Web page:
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Session 28 - Diffuse Gamma-Ray Emission & Gamma-Ray Bursts.
Oral session, Monday, January 13
We propose a new cosmological scenario of gamma-ray burst (GRB) origin, which envisions the production of GRBs in the evolved galactic nuclei: The abundant compact stellar remnants (CSRs) such as neutron stars (NSs) and stellar mass black holes (BHs), as well as binaries consisting of them, are formed in the central parts of the galactic nuclei in due course of the dynamical evolution of the nuclei through close encounters/collisions, coalescence, and SN explosions of ordinary stars. In compact galactic nuclei, random encounters of CSR, which are accompanied by gravitational wave radiation, result in the radiative binary formation and in further CSR coalescence, and this would produce a GRB episode. The rate of GRBs per unit comoving volume is found to be \dot n_0 \simeq 3.7\cdot10^-8\, \left(\fracM_g10^11\,M_\sun\right)^-1 \left(\fracM10^7 M_\sun\right)^17/14 \left(\fracR0.1\,pc\right)^-31/14\: \frac\mboxevents\mboxyr Mpc^3, where M and R are the core mass and core radius of the nucleus, respectively, M_g is the galactic mass, and the space density of galaxies is assumed to contribute a fraction Ømega_g=10^-2 of the critical density. The value of \dot n_0 appears to be consistent with the rate of NS merging in galaxies required to explain the GRB phenomenon. The binaries formed by radiative capture in the evolved galactic nuclei are short-living compared to the age of the Universe. This makes a difference with the standard cosmological scenario where the NS binaries are generally long-living. The signature of the proposed scenario for the GRB origin is the gravitational wave radiation that causes the coalescence of CSR in due course of their close encounters. The spiralling-in that accompanies the process of close binary formation and evolution results in the specific pattern of gravitational radiation, which is distinguishable from gravitational radiation of other origins. In principle, the recurrent GRBs (so far not detected) could be observable from a host galactic nucleus if it is dense enough.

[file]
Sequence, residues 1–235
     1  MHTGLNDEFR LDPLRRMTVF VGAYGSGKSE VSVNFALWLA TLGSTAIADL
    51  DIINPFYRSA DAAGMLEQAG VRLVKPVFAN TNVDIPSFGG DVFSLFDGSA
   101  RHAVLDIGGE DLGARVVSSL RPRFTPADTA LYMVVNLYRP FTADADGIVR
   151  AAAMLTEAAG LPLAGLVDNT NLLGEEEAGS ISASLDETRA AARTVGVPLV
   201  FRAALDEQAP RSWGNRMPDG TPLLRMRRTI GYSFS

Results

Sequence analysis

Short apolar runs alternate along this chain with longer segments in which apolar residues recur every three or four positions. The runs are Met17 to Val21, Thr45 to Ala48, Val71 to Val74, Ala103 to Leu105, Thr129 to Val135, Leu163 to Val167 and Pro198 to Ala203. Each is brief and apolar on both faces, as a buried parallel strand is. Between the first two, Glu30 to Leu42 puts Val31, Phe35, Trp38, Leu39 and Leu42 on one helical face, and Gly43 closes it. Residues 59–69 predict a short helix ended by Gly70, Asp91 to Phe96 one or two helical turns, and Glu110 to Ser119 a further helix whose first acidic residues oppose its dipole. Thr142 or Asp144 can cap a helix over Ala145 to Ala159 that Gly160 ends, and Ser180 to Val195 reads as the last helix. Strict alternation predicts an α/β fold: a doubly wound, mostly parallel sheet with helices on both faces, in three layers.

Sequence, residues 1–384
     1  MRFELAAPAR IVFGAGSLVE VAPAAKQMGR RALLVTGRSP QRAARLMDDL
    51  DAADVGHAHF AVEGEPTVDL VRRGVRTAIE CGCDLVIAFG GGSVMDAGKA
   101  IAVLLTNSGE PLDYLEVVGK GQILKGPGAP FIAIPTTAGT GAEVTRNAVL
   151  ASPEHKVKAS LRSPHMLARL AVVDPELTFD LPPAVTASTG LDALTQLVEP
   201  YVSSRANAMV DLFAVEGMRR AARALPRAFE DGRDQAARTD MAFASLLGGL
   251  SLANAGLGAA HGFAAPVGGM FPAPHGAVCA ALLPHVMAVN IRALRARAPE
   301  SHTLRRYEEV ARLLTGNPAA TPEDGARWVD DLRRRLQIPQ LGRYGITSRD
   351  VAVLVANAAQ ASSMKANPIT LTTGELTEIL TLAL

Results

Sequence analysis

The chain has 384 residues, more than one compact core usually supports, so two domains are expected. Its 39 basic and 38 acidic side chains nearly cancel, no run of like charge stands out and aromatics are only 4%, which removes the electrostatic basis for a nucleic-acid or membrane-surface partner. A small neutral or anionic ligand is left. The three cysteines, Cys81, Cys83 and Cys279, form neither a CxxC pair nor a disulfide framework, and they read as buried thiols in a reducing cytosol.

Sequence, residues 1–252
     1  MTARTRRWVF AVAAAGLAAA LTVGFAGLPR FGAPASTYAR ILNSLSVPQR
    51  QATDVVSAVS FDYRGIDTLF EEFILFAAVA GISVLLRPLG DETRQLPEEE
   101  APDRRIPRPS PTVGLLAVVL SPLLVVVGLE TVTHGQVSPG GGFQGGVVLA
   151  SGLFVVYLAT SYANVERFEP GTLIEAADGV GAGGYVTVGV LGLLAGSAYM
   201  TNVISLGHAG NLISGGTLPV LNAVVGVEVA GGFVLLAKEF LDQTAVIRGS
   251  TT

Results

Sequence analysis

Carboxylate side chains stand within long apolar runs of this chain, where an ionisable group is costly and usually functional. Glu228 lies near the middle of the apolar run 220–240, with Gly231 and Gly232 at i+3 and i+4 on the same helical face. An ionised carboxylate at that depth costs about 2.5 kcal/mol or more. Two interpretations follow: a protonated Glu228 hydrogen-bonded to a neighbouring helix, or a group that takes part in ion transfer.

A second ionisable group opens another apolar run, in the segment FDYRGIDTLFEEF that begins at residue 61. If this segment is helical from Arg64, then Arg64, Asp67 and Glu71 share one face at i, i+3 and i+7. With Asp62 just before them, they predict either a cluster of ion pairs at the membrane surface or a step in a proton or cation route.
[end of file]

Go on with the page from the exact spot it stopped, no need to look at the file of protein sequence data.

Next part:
Program listing for Monday